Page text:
# Complex analysis - partial fraction expansion

yy205001

## Homework Statement

Show that:
Ʃ(-1)n/(n^2+a^2) (from n=0 to ∞) = pi/[asinh(pi*a)], a$\neq in$, n$\in Z$.

## Homework Equations

f(z) = f(0) + Ʃbn(1/(z-an)+1/an) (from n=1 to ∞) , where bn is the residue of f(z) at an.

## The Attempt at a Solution

The main problem is I don't how to pick the function f(z) to start with. I am thinking is pi*cot(pi*z) a good starting point? But in this case, we are dealing with the hyperbolic function, so coth will be a better choice??

Any help is appreciated!

## Answers and Replies

Gold Member
2021 Award
First of all the sum is over $n \in \mathbb{Z}$, and the correct statement is
$$\sum_{n=-\infty}^{\infty} \frac{(-1)^n}{n^2+a^2}=\frac{\pi}{a \sinh(a \pi)}.$$
Now find a function with residua $(-1)^n$ at $z=n$ for $n \in \mathbb{Z}$.

You are close with the choice of your function, but the one you gave has residua $+1$. Multiply it with an entire function which takes the values $(-1)^n$ at $z=n \in \mathbb{Z}$. Then choose an appropriate contour to integrate over and finally deform it appropriately to use the residue theorem.

yy205001
From my notes, i found that Ʃ(-1)nf(n) (from -∞ to ∞) = - Ʃ Res(pi*csc(pi*z), zj) (poles zj of f(z)).

So, should I let f(n) = 1/(n2+a2) in this case?

brmath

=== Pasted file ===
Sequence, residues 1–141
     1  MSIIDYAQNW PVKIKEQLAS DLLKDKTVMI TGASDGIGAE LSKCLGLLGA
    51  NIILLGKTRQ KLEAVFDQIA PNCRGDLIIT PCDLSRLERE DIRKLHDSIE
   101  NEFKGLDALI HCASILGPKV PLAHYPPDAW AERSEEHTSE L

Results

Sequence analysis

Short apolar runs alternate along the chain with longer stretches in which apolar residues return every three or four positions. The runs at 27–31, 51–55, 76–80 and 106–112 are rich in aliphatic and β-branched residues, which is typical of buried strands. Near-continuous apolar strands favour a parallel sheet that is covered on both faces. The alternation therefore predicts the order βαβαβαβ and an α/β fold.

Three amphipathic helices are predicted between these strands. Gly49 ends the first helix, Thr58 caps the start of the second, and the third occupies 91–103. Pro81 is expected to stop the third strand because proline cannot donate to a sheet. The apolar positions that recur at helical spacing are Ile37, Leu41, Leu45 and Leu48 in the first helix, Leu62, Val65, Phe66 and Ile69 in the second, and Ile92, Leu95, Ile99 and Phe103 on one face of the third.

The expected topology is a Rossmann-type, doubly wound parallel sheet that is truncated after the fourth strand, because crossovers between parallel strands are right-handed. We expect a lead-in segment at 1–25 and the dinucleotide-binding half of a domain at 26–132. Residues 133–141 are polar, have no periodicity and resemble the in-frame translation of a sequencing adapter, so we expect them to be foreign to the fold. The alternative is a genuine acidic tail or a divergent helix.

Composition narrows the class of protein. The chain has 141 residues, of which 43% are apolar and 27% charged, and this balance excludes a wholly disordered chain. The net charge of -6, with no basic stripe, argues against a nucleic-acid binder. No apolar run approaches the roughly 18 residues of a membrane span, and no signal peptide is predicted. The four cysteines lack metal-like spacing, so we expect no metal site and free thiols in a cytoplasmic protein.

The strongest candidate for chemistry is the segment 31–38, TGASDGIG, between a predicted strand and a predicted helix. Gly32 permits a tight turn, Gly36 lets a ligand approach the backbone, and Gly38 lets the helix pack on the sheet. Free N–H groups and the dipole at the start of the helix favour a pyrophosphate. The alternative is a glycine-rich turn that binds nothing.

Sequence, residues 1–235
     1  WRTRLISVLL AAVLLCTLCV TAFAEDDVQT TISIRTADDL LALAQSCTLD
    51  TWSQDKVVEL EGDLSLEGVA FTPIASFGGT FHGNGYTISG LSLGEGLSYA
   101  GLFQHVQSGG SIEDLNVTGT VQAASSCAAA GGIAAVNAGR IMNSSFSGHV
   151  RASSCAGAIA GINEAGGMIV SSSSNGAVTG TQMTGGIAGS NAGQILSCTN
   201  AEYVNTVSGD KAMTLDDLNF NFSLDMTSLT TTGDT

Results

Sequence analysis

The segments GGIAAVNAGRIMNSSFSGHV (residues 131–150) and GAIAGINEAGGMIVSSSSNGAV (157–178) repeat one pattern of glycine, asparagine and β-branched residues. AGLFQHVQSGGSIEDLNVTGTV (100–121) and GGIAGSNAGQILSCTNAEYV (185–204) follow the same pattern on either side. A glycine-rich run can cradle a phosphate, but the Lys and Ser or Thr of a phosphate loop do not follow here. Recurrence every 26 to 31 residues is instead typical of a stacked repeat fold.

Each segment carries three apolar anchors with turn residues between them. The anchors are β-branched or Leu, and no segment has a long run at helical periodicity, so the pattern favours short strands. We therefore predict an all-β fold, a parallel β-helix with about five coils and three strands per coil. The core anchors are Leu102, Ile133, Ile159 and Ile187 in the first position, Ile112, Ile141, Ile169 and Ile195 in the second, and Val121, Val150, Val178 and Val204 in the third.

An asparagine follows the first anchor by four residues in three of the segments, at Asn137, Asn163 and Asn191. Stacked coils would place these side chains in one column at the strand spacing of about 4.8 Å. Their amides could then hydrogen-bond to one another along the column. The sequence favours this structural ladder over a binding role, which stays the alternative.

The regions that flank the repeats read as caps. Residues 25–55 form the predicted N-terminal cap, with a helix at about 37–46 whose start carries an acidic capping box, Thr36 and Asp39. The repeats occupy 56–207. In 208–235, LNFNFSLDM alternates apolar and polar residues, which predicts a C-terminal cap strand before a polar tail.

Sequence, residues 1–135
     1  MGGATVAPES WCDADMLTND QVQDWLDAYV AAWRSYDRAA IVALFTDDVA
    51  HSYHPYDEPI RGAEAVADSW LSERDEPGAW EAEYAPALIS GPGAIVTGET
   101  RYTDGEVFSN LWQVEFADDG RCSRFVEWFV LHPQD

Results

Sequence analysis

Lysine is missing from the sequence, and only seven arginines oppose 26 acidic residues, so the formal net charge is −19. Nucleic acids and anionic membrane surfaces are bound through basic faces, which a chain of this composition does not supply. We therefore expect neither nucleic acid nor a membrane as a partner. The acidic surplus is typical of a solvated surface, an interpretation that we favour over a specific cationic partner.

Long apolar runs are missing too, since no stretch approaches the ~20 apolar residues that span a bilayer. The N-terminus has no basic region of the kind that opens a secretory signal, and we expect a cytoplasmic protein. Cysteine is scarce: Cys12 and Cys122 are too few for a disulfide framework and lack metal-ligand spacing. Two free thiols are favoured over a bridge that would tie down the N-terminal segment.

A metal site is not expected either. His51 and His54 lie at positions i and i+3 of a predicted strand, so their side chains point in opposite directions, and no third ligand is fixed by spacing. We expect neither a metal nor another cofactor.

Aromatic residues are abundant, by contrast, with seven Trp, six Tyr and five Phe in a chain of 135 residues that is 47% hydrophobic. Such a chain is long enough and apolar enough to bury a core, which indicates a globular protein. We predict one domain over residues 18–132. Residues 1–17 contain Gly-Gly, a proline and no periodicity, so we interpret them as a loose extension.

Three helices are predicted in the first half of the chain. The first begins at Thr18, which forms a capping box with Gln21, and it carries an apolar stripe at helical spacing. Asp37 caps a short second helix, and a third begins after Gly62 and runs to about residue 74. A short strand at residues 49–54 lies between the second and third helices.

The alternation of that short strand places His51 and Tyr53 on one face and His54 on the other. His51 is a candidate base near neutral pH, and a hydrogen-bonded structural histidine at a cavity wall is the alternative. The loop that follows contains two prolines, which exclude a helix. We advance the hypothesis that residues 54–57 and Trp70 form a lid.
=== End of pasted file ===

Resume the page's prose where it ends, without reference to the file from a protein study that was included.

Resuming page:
First of all the sum is over $n \in \mathbb{Z}$, and the correct statement is
$$\sum_{n=-\infty}^{\infty} \frac{(-1)^n}{n^2+a^2}=\frac{\pi}{a \sinh(a \pi)}.$$
Now find a function with residua $(-1)^n$ at $z=n$ for $n \in \mathbb{Z}$.

You are close with the choice of your function, but the one you gave has residua $+1$. Multiply it with an entire function which takes the values $(-1)^n$ at $z=n \in \mathbb{Z}$. Then choose an appropriate contour to integrate over and finally deform it appropriately to use the residue theorem.

I've been trying myself to sort out this Laurent series stuff, but I'm pretty sure I'm not following this. Would you mind answering some questions?

Are we trying to find a function g(z) to expand in a Laurent series which will match the summation at z = n?

I understand that any appropriate g would have simple poles at ±ai, so would have just the ##a_{-1}## term in its Laurent series. But why would this residue necessarily show up in the other terms of the Laurent series?

Does this Laurent series converge to g everywhere? Somehow I'm thinking that the series around ai is good only down to -ai -- that is converges in a radius of 2a around the point +ai.

Or am I completely on the wrong track here?

If you can explain, I would very much appreciate it.